When working with the schools, we set out clear learning outcomes in our workshop plans in relation to knowledge and skills development.  Alongside our global education focus, we also identified some specific links to the English national curriculum subjects of History, Geography, English, Citizenship and Spiritual, Moral, Social and Cultural Development (SMSC), demonstrating the potential for integrating migration issues and migrants’ stories within the school curriculum to enhance particular learning objectives.  It is important to note here that while there is value in global education practitioners exploring particular aspects of history, we did not explicitly set out to teach ‘History’ in creating our intricate web of stories, focusing more on individual journeys of discovery rather than predetermined content.  The stories are intended to open up curiosity and inspire further research, and indeed to introduce through subjective narratives the question of what constitutes ‘fact’.  Interestingly, whilst this is our approach, there are multiple examples from pupils’ evaluation showing that they have enjoyed learning new historical information and were curious to learn more about a wide range of eclectic issues (from the existence of the Iron Curtain to that of a city called Bethlehem in the United States).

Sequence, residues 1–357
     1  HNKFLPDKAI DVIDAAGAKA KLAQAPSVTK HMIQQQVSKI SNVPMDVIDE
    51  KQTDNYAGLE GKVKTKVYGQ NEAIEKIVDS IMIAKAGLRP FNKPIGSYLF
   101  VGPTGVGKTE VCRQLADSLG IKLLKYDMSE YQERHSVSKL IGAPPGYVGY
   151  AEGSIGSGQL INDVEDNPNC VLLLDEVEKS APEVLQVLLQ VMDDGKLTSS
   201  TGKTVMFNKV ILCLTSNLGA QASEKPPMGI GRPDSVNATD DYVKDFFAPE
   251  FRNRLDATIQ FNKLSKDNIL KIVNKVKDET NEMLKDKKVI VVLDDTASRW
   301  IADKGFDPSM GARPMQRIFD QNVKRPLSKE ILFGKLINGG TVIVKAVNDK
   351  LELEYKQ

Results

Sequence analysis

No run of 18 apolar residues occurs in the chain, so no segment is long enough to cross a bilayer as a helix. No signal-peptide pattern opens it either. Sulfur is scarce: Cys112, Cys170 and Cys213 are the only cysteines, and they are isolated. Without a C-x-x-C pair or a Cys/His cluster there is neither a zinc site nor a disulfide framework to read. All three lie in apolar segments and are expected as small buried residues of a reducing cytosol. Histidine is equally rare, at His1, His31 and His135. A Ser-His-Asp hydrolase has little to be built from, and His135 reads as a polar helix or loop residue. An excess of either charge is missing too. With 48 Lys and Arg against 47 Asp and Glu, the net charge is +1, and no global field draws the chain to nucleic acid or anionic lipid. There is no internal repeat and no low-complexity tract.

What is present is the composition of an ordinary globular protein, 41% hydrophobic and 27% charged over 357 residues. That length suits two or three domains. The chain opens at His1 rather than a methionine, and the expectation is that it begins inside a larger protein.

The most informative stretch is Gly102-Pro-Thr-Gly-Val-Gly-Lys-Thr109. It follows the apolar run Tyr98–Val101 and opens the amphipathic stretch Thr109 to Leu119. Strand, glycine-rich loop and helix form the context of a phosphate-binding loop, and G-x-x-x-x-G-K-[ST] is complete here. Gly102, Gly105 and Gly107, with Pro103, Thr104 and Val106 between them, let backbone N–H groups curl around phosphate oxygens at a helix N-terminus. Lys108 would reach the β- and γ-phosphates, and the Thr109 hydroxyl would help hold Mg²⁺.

The focus of the project in year three is shifting towards evaluation and dissemination, including the development of a global learning resource for schools based on our map, the creation of three short films promoting the project and its outputs, and the production of a pop-up exhibition to tour around our region, bringing the stories to a wider audience.  The exhibition will use a range of outputs and associated activities to engage and promote the work more widely.  Within all of this, the multidisciplinary nature of the team has been of enormous importance.  The role of the consultant historian on the project has been not to act as expert on the topic, but to encourage breadth and depth of coverage to counterbalance the emphases of the conventional archive, to offer training in archival and oral research, and to support the regional partners as they and their volunteers encountered the unfamiliar.  The merits of creative and curatorial projects involving ‘citizen historians’ and ‘citizen cartographers’ have been extensively discussed in the field (see, for example, Lilley, 2017).  The historical underpinning of the project was essentially about rigour of practice: ensuring that every story was rooted in primary and secondary evidence, and that absences in the historical record were also reflected.  Although most partners have worked on heritage projects before, for all except Global Link this was the first time working with archives to conduct and write up original research and for several partners it was also their first oral history project.